Fast, affordable Internet access for all.
City and School Board Partner for Fiber in Maryland
Cumberland and the Allegany Board of Education are collaborating to improve educational, municipal, and business connectivity in the city's downtown area, reports GovTech.
The district's 23 schools are all connected, but the Maintenance and Facilities Warehouse is not yet connected. The location of the facility and the proposed fiber route will create an ideal opportunity to install fiber in a commercial corridor where ISPs can tap into the infrastructure, notes Cumberland's economic development coordinator Shawn Hershberger:
“It will expand upon the solid resources we already have and make us more competitive for future economic development projects,” said Hershberger
The project will cost approximately $220,000. Half of the funding will come from a federal Appalachian Regional Commission grant. The school board and the city will split the remaining cost.
The city will connect its public service buildings and provide splice points for ISPs, who will be responsible for the cost to connect the last mile to the customer.
“Providing additional options for high-speed Internet service in Allegany County can only be a positive move for economic development and growth. The downtown area specifically will benefit from competitive pricing available to private entities with reliable and redundant high-speed service,” said [Chief Information Officer for the school board Nil] Grove.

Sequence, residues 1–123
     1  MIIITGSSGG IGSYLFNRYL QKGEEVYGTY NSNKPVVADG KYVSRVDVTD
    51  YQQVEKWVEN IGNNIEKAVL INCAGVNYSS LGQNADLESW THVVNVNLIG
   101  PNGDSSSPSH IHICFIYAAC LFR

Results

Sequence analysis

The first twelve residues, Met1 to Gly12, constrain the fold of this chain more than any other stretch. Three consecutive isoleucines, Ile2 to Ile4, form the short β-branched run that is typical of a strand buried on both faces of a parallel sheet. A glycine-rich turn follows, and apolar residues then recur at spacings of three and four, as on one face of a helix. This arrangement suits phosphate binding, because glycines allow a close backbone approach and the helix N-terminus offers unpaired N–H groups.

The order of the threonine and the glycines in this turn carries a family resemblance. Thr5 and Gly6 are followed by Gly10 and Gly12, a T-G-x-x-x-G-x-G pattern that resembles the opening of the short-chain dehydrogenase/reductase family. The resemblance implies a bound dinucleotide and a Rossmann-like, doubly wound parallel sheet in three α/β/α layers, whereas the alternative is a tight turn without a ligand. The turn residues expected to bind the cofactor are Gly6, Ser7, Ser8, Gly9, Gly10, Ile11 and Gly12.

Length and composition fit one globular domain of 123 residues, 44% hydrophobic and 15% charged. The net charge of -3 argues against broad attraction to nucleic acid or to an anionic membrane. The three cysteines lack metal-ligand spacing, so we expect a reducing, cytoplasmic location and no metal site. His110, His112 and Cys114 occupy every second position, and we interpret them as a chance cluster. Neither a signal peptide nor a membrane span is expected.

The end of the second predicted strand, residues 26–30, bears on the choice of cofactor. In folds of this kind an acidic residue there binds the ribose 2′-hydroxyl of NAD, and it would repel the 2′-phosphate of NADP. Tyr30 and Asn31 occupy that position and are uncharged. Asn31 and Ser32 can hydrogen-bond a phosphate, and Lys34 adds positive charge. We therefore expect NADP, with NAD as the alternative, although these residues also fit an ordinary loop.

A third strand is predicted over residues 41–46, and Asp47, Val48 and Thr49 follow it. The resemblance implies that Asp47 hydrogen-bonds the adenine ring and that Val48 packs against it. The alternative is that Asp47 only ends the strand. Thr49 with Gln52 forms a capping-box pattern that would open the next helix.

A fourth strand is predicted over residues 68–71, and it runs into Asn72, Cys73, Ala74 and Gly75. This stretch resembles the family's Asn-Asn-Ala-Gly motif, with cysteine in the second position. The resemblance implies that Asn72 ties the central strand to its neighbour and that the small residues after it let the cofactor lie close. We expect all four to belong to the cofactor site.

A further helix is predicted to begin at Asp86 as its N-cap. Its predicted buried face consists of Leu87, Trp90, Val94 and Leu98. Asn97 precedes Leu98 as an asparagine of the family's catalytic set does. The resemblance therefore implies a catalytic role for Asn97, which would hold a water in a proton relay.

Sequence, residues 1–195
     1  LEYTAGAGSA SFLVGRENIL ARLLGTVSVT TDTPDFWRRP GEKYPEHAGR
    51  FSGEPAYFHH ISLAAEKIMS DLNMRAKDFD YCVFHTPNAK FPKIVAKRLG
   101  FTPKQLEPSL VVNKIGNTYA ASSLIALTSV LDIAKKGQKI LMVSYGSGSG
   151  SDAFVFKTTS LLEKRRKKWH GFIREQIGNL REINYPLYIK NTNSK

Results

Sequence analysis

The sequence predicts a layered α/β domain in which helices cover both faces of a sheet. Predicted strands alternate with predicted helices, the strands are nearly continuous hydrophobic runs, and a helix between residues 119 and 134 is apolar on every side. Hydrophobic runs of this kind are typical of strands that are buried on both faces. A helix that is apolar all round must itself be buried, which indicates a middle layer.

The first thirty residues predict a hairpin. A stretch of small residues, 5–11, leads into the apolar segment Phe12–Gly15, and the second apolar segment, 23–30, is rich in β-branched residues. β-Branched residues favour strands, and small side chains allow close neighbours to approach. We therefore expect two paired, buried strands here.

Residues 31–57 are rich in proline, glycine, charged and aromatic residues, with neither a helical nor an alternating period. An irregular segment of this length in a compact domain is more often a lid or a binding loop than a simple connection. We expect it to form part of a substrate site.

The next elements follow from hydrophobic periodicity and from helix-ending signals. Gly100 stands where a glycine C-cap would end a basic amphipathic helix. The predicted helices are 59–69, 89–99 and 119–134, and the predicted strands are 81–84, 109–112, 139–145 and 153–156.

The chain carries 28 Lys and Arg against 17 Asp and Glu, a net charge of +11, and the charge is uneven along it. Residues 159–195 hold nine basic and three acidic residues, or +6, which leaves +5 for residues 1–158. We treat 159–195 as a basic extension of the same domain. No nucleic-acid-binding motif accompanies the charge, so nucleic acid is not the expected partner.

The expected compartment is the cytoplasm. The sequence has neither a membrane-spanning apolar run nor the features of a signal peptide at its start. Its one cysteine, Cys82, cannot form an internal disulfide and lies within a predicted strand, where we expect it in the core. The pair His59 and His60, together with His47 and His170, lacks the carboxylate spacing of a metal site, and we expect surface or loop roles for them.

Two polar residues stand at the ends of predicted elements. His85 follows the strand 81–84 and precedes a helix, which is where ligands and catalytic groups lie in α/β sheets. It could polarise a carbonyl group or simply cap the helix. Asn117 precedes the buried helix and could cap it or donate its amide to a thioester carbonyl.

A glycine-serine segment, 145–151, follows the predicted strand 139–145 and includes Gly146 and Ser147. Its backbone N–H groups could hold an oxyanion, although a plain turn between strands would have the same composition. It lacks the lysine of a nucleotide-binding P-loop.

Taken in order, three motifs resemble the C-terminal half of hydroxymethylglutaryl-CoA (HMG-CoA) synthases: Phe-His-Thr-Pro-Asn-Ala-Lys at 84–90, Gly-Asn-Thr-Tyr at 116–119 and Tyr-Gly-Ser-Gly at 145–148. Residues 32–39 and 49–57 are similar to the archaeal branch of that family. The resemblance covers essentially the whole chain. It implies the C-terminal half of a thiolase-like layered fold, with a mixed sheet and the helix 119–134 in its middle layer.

“It helps us toward the jobs we are trying to compete for and helps us keep the jobs we have here now,” said Hershberger.
Plans for an open access fiber backbone in Erie County, New York (pop. 951,000) are being readjusted after having been stymied by the pandemic. The county will use Rescue Plan funding to cover the cost of building the backbone, which will be owned by the county and operated by ErieNet, a nonprofit local development corporation.
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Like countless U.S. communities, Duluth, Minnesota (pop. 86,000) got a crash course on the importance of affordable broadband during the Covid-19 crisis. Those struggles in telecommuting and home education helped fuel a dramatic new broadband expansion plan that, if approved by the city council, could revolutionize affordable access citywide.